Langley Township councillor David Davis made an impassioned last-minute pitch to scuttle the controversial Wall project on Monday (June 10) but the proposal to put a housing project in the middle of an agricultural property won final approval.

Langley Township councillor David Davis made an impassioned last-minute pitch to scuttle the controversial Wall project on Monday (June 10) but the proposal to put a housing project in the middle of an agricultural property won final approval.

University district approved by Langley Township

Councillor Davis gives last-minute presentation to derail Wall property component

An impromptu presentation by Langley Township Councillor David Davis failed to convince his colleagues to ditch a controversial plan to build 67 compact residential lots on the 153-acre Wall property located at 22415 72 Ave.

Davis used an overhead projector usually reserved for visiting delegations to argue that the project is being built on the site of a former lake and that could be a violation of federal fisheries and oceans regulations.

“I believe this was man-made, but it is [fish] habitat,” Davis said, using the projector to show photos of the lake he recalled using as a teenager.

He went on to argue allowing a subdivision in the middle of farmland will set a precedent that will encourage developers to build on agricultural land.

“I ran for council to save farmland,” Davis said.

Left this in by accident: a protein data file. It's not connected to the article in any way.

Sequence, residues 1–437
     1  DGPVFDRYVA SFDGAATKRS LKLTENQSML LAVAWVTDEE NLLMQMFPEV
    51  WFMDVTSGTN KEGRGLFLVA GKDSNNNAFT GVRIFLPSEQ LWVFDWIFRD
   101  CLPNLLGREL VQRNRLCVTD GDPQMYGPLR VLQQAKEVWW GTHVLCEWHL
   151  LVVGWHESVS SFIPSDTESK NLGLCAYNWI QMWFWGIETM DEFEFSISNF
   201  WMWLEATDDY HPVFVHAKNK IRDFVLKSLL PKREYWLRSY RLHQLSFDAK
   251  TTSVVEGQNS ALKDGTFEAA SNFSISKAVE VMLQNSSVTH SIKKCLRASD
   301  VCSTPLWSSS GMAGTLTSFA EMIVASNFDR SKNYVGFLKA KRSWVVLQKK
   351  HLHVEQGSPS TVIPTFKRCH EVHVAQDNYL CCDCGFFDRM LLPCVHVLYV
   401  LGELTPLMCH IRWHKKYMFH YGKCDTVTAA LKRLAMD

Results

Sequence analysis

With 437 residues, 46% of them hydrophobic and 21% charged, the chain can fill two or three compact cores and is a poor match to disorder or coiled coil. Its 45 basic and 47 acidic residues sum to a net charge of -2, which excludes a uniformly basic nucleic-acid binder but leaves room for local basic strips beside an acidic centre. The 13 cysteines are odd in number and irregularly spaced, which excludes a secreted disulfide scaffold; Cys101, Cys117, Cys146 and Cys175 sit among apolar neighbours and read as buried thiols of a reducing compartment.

“I’m actually dumbfounded [that this is going to be approved].”

Davis, along with Councillors Kim Richter and Michelle Sparrow, said the project should have been separated from a proposal to create a “university district” of housing and related commercial development near Trinity Western University (TWU) on three properties at 7645 and 7679 Glover Road, and 22423 Labonte Crescent.

All three said they support the university district but not with the Wall project added on.

“Unfortunately, this has been lumped together,” said Sparrow.

“This is exactly spot zoning.”

Richter predicted the Wall project will “wind up in a legal challenge” if the Township failed to delay approval so the lake concerns could be investigated by staff.

The rest of council voted to approve the university district and Wall projects.

Councillor Charlie Fox dismissed the lake issue, saying the subdivision will not go where the lake was so there was no possible problem with fisheries and oceans regulations.

Councillor Grant Ward called the lake a “man-made pond” and Councillor Steve Ferguson said the project would put housing on a “small area not useable for farmland.”

Councillors Bob Long, Bev Dornan and Mayor Jack Froese also voted yes.

Following the vote, the mayor issued a written statement hailing the decision as something that would allow TWU to “grow and serve the needs of future students and the community as a whole.”

“The University District will give Langley students the chance to get an excellent foundation close to home, bring in international students looking for a high quality education, provide employment, and strengthen our economy,” Froese said.

“We are very proud of the opportunity this presents and look forward to seeing Trinity reach its full potential in the years to come.”

The press release did not mention the Wall project.

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